Managing the Boss

No matter how much effort you put into creating a travel plan for your boss, something can go wrong at the last minute. Julie Perrine, All Things Admin, has five possible solutions for sticky travel situations.

When your boss doesn’t have a clue

November 27, 2012 Categorized in: Managing the Boss

An incompetent boss is annoying at best and damaging to your career at worst. To keep your career moving forward in spite of a clueless boss, Dorothy Tannahill-Moran recommends these five actions.

What your boss needs most: Simplicity

November 13, 2012 Categorized in: Managing the Boss

Whether it’s deciding what to eat or what to wear, making decisions drains mental energy, writes Robert C. Pozen. Assistants who free their bosses from having to constantly decide on things can easily be­­come indispensable.
You’ve always compiled a monthly report for the division heads … until recently. Last week, out of nowhere, one of the execs asked another staffer to “take a crack at it.” Now, you feel left out of the loop. What can you do about it?
Just because your manager can be strict about your schedule doesn’t mean that he should, writes Suzanne Lucas. If your boss has suddenly instituted draconian rules, try to figure out the reason.

Surviving life with a bad boss

September 5, 2012 Categorized in: Managing the Boss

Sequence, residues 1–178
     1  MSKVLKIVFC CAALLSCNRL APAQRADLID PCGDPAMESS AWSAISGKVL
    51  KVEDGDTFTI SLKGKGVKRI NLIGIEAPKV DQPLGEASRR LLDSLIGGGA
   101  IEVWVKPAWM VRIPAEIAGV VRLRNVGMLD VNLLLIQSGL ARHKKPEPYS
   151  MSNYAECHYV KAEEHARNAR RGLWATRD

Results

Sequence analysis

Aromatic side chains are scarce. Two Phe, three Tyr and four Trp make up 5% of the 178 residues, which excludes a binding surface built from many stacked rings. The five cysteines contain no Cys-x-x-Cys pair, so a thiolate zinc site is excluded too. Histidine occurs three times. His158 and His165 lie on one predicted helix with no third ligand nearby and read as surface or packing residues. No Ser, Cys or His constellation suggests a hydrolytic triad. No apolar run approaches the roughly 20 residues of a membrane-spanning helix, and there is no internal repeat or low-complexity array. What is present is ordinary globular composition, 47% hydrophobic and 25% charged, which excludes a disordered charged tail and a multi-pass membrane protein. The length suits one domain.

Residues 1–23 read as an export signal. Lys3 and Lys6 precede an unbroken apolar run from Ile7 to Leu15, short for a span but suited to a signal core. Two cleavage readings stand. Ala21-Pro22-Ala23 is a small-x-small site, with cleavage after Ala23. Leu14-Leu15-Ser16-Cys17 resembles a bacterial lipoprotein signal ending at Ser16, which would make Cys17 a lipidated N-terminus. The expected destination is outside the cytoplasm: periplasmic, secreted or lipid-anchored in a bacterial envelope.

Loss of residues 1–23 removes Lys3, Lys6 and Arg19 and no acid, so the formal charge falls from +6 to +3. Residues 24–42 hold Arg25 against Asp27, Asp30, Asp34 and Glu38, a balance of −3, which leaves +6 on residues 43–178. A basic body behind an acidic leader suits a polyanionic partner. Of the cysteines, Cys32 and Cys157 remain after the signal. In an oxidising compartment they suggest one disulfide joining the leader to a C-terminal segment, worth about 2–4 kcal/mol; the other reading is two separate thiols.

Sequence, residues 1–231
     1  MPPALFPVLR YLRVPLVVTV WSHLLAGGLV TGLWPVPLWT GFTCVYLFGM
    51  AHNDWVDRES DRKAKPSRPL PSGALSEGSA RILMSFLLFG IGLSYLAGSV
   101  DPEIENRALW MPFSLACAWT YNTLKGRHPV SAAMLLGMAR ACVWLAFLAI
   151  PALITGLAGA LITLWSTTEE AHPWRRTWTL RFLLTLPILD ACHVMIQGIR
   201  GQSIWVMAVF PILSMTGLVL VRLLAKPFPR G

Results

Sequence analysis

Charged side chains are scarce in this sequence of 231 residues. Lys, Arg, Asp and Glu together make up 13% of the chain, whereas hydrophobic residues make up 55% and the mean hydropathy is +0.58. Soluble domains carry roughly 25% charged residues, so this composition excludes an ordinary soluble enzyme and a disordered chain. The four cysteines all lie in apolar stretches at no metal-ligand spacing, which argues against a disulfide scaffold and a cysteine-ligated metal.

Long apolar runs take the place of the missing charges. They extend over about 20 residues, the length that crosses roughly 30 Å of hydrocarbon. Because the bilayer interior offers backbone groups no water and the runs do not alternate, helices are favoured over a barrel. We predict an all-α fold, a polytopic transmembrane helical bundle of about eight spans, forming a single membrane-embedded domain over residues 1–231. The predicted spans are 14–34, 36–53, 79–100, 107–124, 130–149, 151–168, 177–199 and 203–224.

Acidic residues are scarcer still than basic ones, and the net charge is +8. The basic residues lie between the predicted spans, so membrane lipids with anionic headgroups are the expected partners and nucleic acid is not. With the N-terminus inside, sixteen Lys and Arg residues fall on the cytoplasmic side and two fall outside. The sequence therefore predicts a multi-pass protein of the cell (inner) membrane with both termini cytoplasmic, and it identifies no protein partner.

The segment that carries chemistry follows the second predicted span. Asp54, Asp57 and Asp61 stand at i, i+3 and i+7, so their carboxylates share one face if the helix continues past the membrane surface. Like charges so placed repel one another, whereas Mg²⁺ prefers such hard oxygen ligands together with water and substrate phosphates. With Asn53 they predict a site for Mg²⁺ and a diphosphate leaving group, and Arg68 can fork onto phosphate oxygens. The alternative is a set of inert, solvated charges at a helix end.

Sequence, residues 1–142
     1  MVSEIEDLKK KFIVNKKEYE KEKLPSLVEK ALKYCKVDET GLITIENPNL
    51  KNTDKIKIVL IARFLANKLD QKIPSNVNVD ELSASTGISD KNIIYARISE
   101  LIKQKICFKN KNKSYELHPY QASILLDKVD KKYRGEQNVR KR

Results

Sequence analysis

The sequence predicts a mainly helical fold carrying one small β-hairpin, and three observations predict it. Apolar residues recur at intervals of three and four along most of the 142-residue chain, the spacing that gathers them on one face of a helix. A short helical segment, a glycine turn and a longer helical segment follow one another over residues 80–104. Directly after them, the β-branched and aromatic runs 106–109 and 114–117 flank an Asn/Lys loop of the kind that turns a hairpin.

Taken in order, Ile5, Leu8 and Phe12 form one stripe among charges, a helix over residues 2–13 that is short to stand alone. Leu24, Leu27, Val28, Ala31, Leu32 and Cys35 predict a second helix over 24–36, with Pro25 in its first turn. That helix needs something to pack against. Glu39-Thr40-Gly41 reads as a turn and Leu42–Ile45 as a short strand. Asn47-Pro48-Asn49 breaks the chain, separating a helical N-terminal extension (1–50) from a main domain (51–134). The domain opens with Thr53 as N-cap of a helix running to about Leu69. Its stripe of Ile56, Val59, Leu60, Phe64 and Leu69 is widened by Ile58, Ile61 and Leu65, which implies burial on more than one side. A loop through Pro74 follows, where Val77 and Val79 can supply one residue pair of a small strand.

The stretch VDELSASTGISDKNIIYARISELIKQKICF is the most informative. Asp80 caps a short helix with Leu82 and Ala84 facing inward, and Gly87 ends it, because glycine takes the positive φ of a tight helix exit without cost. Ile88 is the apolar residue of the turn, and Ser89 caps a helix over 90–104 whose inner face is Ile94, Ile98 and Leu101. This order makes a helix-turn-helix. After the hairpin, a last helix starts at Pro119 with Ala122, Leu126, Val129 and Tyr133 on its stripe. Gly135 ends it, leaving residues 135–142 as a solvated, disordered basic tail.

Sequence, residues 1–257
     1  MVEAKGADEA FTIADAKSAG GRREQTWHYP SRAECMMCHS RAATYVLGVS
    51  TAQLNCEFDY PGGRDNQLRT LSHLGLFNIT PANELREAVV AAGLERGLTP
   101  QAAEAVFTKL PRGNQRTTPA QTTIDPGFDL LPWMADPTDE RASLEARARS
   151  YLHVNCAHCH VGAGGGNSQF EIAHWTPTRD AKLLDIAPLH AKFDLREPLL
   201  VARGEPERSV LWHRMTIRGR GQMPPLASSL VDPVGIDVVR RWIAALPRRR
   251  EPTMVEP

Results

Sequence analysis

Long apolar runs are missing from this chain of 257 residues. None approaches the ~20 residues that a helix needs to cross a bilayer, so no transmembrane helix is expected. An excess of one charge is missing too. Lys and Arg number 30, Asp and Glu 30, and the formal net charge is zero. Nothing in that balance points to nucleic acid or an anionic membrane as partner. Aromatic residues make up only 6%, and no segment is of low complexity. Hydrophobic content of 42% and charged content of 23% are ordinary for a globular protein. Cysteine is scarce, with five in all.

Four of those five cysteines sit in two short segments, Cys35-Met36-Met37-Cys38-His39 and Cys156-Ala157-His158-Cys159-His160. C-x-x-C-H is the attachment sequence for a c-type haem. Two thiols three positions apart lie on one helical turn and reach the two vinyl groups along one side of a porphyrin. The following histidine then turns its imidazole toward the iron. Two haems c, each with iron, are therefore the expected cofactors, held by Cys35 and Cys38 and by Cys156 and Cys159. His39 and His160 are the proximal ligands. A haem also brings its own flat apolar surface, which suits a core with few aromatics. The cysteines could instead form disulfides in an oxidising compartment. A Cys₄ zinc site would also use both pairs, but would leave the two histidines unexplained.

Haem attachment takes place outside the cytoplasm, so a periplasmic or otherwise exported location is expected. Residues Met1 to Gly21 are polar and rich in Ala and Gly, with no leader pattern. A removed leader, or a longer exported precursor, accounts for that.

As nice as it would be for bosses to be superhuman, they’re just like everyone else. Some are com­petent and compassionate; others are inept and inconsiderate. Some tactics for toughing it out with a bad boss:

Boss interrupting you again?

August 9, 2012 Categorized in: Managing the Boss

On the surface, a boss or a co-worker who constantly interrupts you may come off as a bit of a jerk. However, it may simply be that in­­ter­­rupting is the only way he knows how to communicate, writes workplace communication consultant Guy Farmer.
Admins make roughly $15,000 worth of decisions every year, according to an IAAP Benchmarking survey. Yet it’s sometimes hard to know whether to make a decision on your own or wait for the boss to weigh in. Here’s one litmus test for determining whether to forge ahead or wait for a nod from the boss.
Phil, an administrative assistant, re­­cently lamented that his efforts to improve his boss’s communication were going unheeded. But perhaps it’s not what Phil’s boss wants from Phil. When someone hands you his work to look over, first determine what he wants in return.
Sarah spent the afternoon working on a quarterly report for her boss, only to hear this when she delivered it at day’s end: “This isn’t a final version, is it? It won’t be a problem for you to work overtime today and fix this, will it?” Her boss just de­­livered a question trap—a leading question.
Not all executives are content to have access to documents only on their smartphones, tablets or laptops. If you work for a boss who still depends heavily on paper and attends up to a dozen meetings a day, here’s an organizing solution for you.
Build a stronger relationship with your boss by never letting these phrases cross your lips: 1.  “It’s not my job.” 2.  “It’s not my fault.” 3.  “I can’t work with Person A.” 4.  “I can’t do X, because I have to do Y.” 5.  “That’s not possible.”
It doesn’t help anyone if you say “yes” to every project while knowing you can’t possibly complete all the work. How can you set boundaries more assertively with your boss, without coming across as incapable or rude, when you’re asked to take on yet another assignment? 7 tips: